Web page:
A couple of years later, in 1949, Article 370 was included in the Constitution. During the Constituent Assembly proceedings, the former head of the princely state of J&K said the state wasn’t ready to be fully integrated and wanted some autonomy. Article 370 passed with only one dissenter – Maulana Hasrat Mohani, founder of the Communist Party of India. He wanted similar models for all other states in his pursuit of federalism.

In the subsequent years, Nehru repeatedly reiterated their commitment to Article 370. Critics have argued that Kashmir joined India in 1947 without any conditions, and Article 370 unnecessarily gave it special status. However, the Constitution was drafted in 1949, and Article 370 was included before the Constitution was adopted.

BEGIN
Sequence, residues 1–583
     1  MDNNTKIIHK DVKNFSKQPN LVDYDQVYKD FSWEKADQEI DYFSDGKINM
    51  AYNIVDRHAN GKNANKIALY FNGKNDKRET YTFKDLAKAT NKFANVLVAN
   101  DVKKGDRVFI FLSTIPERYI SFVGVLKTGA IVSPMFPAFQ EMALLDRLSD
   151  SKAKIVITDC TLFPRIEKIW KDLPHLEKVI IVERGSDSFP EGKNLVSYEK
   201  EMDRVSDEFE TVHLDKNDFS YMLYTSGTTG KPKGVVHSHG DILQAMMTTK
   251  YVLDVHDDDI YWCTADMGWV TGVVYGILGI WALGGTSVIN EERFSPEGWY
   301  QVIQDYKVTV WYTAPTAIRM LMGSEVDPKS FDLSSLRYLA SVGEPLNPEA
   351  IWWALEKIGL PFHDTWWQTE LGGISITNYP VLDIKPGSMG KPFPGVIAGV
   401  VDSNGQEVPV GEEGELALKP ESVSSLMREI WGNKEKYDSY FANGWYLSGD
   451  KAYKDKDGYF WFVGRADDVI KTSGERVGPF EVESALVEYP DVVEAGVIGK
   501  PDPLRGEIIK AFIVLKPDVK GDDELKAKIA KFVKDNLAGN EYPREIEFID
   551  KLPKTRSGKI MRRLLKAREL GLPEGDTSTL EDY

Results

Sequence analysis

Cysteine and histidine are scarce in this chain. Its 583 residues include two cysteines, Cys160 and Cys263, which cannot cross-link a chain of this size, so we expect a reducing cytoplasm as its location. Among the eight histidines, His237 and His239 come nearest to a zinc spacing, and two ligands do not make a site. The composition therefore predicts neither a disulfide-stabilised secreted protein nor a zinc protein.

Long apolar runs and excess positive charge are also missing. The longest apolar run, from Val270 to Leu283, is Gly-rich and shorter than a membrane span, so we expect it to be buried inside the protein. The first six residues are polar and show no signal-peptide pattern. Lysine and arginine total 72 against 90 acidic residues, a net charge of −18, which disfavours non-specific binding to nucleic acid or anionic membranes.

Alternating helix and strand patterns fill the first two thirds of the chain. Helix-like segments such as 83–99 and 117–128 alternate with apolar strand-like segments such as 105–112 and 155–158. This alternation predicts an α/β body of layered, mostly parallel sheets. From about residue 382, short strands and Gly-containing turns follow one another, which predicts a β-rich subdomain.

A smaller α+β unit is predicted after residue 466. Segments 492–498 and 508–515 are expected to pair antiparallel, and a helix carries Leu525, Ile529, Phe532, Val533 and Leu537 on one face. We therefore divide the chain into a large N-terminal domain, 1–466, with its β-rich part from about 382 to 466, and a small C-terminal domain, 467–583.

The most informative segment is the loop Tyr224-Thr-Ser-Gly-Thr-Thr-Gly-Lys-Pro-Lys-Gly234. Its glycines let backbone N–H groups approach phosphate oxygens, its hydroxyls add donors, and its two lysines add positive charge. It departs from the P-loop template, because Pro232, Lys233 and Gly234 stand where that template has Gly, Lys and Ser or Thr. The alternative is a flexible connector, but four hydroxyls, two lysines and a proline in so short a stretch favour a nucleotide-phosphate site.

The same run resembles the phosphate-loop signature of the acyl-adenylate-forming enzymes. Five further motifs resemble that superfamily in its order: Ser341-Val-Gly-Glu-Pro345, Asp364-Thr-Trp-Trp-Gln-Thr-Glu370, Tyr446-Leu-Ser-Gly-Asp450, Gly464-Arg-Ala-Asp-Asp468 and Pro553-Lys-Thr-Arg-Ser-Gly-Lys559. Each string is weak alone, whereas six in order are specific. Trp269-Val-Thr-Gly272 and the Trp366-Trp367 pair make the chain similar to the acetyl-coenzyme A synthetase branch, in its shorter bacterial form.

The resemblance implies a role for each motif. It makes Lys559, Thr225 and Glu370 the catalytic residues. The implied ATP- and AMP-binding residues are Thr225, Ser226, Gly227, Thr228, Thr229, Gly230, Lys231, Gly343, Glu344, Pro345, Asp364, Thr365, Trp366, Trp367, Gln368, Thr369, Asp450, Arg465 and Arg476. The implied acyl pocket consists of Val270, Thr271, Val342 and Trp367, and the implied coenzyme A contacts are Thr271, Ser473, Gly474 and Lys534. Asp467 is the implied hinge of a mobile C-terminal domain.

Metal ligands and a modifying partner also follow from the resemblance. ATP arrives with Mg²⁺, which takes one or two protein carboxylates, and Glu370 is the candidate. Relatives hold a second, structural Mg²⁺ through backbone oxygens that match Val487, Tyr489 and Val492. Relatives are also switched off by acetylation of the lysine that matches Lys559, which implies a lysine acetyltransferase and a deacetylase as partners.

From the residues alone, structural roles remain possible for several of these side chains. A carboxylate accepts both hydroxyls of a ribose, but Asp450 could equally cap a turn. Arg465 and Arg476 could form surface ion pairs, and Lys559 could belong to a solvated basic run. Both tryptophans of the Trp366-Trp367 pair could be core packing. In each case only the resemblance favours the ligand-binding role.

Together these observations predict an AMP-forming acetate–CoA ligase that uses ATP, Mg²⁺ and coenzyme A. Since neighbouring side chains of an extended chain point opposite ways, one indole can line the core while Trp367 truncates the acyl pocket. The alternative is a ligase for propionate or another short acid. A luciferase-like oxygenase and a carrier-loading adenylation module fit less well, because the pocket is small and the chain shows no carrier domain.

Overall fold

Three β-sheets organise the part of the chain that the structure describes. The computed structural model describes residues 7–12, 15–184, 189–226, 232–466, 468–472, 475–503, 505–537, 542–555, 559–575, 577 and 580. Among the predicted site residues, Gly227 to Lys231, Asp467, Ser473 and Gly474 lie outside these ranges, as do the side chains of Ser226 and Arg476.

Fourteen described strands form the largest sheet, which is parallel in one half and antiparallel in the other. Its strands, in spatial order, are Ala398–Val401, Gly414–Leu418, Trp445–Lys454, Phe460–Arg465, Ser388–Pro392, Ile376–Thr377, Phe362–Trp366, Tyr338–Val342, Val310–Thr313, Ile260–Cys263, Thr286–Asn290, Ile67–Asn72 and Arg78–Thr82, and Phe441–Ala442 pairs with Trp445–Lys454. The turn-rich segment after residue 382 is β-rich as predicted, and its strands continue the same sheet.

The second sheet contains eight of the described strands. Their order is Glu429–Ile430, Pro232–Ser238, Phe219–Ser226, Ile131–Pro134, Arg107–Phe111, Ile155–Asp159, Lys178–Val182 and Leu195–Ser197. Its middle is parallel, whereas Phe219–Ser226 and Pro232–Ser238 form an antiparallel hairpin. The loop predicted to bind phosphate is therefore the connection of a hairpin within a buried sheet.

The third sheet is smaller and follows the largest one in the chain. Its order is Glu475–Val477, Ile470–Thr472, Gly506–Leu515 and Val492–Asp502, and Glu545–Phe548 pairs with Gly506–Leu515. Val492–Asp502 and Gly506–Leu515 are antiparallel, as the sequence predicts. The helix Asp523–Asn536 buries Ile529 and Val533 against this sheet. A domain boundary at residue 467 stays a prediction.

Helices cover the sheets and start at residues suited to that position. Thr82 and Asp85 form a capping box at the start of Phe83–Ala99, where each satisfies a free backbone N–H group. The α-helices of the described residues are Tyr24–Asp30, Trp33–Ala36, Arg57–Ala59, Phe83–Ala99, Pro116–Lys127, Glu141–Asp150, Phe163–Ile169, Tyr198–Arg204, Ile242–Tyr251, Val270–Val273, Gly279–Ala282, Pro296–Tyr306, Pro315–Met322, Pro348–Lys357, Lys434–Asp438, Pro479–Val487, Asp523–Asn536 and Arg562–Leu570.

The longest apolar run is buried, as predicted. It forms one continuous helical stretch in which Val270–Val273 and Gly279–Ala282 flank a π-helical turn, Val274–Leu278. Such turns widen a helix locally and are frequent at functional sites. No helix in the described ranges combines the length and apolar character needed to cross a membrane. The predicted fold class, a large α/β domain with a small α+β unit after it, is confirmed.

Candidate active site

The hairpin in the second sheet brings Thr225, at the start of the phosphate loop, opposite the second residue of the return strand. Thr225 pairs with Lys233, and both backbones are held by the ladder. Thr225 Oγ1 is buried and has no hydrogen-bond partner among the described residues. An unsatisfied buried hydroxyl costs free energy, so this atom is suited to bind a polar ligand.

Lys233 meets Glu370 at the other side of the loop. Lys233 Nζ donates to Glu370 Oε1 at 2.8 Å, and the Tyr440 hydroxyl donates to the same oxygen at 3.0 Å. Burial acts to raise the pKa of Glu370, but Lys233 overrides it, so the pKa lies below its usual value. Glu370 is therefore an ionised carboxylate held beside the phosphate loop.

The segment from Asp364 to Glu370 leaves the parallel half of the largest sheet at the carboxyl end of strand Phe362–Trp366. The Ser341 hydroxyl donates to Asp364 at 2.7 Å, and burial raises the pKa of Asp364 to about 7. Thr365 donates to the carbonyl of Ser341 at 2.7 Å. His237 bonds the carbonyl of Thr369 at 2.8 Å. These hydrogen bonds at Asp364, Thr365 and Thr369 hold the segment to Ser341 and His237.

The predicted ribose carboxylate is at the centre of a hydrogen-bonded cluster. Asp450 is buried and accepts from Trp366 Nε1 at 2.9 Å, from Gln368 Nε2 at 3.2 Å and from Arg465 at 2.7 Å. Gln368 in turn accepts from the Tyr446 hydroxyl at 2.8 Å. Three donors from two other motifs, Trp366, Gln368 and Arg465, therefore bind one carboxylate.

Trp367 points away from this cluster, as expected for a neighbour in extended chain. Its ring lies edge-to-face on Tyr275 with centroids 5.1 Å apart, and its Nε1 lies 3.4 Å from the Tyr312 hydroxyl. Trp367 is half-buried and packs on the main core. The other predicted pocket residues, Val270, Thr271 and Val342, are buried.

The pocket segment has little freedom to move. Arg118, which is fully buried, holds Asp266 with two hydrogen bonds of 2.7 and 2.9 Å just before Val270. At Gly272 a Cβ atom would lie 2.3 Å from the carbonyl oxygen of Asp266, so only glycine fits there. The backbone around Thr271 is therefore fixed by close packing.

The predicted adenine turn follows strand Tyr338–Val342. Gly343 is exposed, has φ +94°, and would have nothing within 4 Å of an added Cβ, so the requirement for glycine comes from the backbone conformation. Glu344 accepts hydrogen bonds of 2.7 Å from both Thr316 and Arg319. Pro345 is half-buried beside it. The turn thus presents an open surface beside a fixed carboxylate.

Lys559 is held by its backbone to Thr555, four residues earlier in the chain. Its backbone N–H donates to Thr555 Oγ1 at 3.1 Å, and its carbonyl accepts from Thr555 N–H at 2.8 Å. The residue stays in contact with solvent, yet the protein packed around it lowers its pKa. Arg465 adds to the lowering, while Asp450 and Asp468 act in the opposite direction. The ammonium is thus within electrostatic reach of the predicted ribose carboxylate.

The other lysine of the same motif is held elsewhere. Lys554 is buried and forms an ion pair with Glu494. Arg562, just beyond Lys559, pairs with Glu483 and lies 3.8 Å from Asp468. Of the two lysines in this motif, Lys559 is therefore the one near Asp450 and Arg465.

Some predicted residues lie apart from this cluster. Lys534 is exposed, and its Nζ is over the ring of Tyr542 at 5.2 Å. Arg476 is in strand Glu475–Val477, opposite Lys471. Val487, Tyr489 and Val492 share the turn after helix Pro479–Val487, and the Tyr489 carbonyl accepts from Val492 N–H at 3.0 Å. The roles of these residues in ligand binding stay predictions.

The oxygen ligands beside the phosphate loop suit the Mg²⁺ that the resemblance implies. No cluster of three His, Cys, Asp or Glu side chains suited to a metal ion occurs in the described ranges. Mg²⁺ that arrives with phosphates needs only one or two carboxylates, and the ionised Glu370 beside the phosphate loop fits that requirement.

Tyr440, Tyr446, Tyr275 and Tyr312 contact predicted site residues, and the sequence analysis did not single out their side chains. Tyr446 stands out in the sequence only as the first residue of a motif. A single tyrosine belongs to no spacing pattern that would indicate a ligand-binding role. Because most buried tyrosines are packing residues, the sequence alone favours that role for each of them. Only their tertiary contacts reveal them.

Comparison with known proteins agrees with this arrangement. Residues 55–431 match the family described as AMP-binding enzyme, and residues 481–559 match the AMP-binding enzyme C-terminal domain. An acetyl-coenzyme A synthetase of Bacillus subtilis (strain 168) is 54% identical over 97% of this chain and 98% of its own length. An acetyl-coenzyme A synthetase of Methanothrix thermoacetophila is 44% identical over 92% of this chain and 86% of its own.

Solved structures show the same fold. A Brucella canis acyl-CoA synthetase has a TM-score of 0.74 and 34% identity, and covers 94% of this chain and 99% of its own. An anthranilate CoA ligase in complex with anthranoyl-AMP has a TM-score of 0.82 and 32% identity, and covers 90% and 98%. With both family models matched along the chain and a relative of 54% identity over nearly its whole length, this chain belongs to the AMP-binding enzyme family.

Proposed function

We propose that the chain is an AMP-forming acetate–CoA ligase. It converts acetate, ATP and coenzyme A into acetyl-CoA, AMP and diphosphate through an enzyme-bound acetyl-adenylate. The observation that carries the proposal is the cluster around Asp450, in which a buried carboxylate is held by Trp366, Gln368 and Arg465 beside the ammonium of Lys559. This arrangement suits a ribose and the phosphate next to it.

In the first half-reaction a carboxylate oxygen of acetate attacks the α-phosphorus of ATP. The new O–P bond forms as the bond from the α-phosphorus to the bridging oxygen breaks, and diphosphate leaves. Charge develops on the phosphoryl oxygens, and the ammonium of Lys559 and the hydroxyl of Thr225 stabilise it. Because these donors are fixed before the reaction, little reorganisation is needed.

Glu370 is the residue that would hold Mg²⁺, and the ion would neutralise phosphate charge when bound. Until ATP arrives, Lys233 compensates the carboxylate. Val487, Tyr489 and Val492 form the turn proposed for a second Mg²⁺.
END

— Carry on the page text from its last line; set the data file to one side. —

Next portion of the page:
Kashmiri leader Shiekh Mohammad Abdullah, who played an important role in Kashmir’s accession, was concerned about the future of a Muslim-majority region in India. The 1952 agreement between Nehru and Abdullah was meant to ensure the identity and culture of the Kashmiri people would be protected by preventing outsiders from owning land. Much of this anxiety continued to play out in the decades since.

In 2019, the Centre decided to scrap Article 370 and divide the state into two separate union territories – Ladakh and J&K. The former wouldn’t have a legislature, and the latter an emasculated legislature. They would be under two Lieutenant Governors. This gave the Centre direct control over the state. The move was challenged on legal and constitutional grounds.

The Supreme Court has now sided with the government. Does this raise questions about federalism?

VIEW: The court is right